Armando Duarte Rios is among the Lone Star State’s top bootmakers
His custom- made boots rank among some of the best in Texas, but there are reasons for that.
Each pair of boots he laboriously makes are in accordance to a client’s specification.
Some are made using exotic animal hides from top to bottom. Others come in colors not commonly seen by those who wear boots as the preferred choice of shoes.
Some boots are more pointed than others. Some boots bear the initials of the soon-to-be proud owner. Some boots are for hunting birds in snake infested areas.
Duarte comes from a family of boot making folks.
In fact, he learned this dying trade from one of his uncles, the late Abraham Rios.
“I started working for my uncle more than 50 years ago,” Duarte Rios said. “ After that, I got out and started running my own business.”
“I have been in this same place ever since,” he said about Armando’s Boot Co., on North Seventh Street in Raymondville. “ I will be doing this until he tells to stop”
Duarte Rios is one of two boot makers left in Willacy County today. As many as five others were in the same line of work once but got out for their own reasons.
Some took retirement. Others could not find people or relatives to replace them.
Others succumbed to commercial boot makers like Tony Lamas, Justin Boots, Lucchese and others that make them in larger scale and their prices are considerably lower in general than Armando’s boots.
The business is owned by Ignacio “Nacho” Martinez, who began his work with another bootmaker, but now works out of his garage.
In Mercedes, known once as the boot capital of the United States and the second Rio Grande Valley city with another famous custom-made bootmaker, there is Camargo’s Boots.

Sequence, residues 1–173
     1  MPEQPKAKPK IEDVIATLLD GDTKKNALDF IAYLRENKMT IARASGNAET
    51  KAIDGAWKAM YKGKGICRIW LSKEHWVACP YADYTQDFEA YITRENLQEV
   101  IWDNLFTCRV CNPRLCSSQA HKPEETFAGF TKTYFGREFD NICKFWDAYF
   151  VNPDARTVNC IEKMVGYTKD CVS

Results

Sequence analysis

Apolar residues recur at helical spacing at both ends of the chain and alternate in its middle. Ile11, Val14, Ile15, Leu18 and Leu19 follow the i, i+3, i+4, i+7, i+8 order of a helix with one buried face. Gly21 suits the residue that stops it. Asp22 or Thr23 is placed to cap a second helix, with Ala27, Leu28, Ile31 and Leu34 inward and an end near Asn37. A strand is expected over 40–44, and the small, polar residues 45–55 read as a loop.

“I am the only one left in Mercedes ,” Heny Camargo said. “There used to be five of us at one time here.”
He said he has been making custom made boots for 35 years and will probably call it quits one of these days.
Camargo said his cheapest boots start at $275.
In 2002, the starting price for a pair of Armando’s custom boots was $425; today it’s $525 for the cheaper pair.
Others can go up in the thousands.
Just recently, Duarte Rios shipped out an order of three pairs of boots plus a belt to a Houston client. Its price tag: $5,000.
The order included a pair of alligator hide boots that cost $2,800, including sale taxes.
“ I like making custom made boots because this is a special type of job,” he said. “ You don’t need a lot of people to work in this business.”
His company is made up of himself and two employees. They are Sotoniel Valdovinos and Rodolfo Sotelo.
The two said they have working in the boot business for about 30 years and got started working for bootmakers that shut their operations.
Armando’s, El Vaquero and Camargo Boots were listed in the state’s top 25 custom-made bootmakers in a 2002 edition of Texas Monthly magazine, but some of them closed as well.
Duarte Rios said some of his boots have gone to South American Australian, French and Spanish clients to name a few.
He said the hides he uses for making boots come from suppliers all over the world
Asked what makes a good pair of custom made boots, he said: “It takes several days to come out with a finished product and you have just got to do the best you can.
“These boots are made for clients who want them exactly like they ordered them.” (Photos on Page 9.)